I’m hearing more about antibiotic-resistant bacteria. Should I start cleaning fresh produce with a commercial fruit and vegetable wash?
Antibiotic-resistant microbes, including bacteria, viruses and other bugs, are indeed a serious public health issue in the areas of both food safety and healthcare. But if you carefully follow standard guidelines to reduce the risk of foodborne illness from fresh produce, food safety experts say any added benefit you might get from commercial washes available today would be minimal at best.
You may be hearing more about antibiotic resistance because of a series of outbreaks that recently made news. According to the Centers for Disease Control and Prevention, a strain of Shigella bacteria that is resistant to ciprofloxacin, or Cipro, a commonly used antibiotic, sickened 243 people in 32 states and Puerto Rico between May 2014 and February 2015. Most cases were traced to people who had recently traveled internationally. Shigellosis is transmitted person to person through (excuse the term) the fecal-oral route, often because people don’t wash their hands thoroughly after using the bathroom or changing a diaper.
Shigella can be spread through food if it is on an infected person’s hands when preparing or serving food, or in some cases if the food was grown or washed in contaminated water. It can also be spread through contaminated recreational water.
Foodborne illnesses that are most commonly associated with fresh produce include sickness caused by Salmonella, E. coli and Listeria monocytogenes. Such bacteria, as well as viruses and other types of bad bugs that can make people ill, can sometimes be resistant to antibiotics. Food isn’t grown or raised in sterile conditions, and so it’s always wise to take precautions when handling food.
Wash your hands for at least 20 seconds with soap and warm water before and after food preparation.
Rinse produce thoroughly under running water before eating, cutting or cooking it, whether it’s grown at home or purchased from a grocery store or farmers market, and whether it’s grown conventionally or organically.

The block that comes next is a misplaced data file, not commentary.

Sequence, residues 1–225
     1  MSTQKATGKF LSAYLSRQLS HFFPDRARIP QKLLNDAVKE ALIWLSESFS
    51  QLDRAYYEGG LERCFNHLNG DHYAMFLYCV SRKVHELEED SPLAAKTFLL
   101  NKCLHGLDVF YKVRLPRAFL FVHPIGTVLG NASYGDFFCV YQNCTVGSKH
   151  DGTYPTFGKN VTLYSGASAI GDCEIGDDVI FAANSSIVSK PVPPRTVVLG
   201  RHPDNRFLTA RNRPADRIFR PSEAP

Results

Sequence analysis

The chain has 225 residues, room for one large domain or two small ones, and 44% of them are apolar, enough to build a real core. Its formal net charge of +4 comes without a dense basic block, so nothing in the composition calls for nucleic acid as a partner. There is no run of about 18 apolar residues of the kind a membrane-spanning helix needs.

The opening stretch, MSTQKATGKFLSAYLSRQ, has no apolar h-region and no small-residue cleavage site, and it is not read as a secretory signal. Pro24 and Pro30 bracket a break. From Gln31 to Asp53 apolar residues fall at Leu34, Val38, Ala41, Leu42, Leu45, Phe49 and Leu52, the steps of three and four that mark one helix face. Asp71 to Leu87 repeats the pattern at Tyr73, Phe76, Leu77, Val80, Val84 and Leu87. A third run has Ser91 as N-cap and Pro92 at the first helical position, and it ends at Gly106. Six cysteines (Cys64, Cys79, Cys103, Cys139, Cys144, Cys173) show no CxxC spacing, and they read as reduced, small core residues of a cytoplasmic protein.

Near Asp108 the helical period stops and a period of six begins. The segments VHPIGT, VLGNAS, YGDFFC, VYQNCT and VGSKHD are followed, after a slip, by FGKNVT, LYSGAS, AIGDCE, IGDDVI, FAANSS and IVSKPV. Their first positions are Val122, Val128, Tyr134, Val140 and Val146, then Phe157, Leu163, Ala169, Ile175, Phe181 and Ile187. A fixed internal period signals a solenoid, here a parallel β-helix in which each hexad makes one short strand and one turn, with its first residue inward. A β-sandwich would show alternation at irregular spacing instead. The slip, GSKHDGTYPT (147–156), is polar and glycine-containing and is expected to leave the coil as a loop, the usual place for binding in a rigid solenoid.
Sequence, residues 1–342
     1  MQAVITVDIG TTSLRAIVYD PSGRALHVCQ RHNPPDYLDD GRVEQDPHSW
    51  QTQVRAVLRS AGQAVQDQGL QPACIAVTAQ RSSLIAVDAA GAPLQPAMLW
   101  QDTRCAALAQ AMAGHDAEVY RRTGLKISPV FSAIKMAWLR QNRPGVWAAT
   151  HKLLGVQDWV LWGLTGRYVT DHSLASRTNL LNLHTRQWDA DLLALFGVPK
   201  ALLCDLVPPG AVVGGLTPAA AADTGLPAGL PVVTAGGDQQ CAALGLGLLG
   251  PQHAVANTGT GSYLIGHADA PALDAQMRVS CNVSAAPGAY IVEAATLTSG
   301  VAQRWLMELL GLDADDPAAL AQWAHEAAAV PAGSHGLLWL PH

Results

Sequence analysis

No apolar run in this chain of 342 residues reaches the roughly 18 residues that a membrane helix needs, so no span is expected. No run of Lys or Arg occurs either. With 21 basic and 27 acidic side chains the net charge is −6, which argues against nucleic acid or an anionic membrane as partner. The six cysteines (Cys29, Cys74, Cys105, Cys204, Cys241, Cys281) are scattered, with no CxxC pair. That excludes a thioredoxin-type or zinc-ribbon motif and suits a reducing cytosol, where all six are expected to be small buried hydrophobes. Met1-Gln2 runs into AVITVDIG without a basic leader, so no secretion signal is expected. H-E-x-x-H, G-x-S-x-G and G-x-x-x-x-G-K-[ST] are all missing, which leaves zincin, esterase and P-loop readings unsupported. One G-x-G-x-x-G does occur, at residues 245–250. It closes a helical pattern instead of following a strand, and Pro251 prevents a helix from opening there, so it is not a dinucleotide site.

Promptly refrigerate prepackaged lettuce and other produce labeled “ready to eat.” Although the washing during processing removes soil particles and does a good job minimizing the risk of foodborne pathogens, it doesn’t hurt to give it an extra rinse just before eating it.
Carefully handle produce with a rind, such as cantaloupe and watermelon. It should be scrubbed with a clean produce brush under running water before being cut into. If you laid it on a cutting board or other surface before washing it, clean and sanitize the surface before cutting into the fruit to reduce the risk of cross-contamination.
For more ideas and some instructional videos, see The Ohio State University’s Food Safety website, foodsafety.osu.edu. Recommendations for consumers are under “Dine In.”
Chow Line is a service of the College of Food, Agricultural, and Environmental Sciences and its outreach and research arms, Ohio State University Extension and the Ohio Agricultural Research and Development Center. Send questions to Chow Line, c/o Martha Filipic, 2021 Coffey Road, Columbus, OH 43210-1043, or [email protected].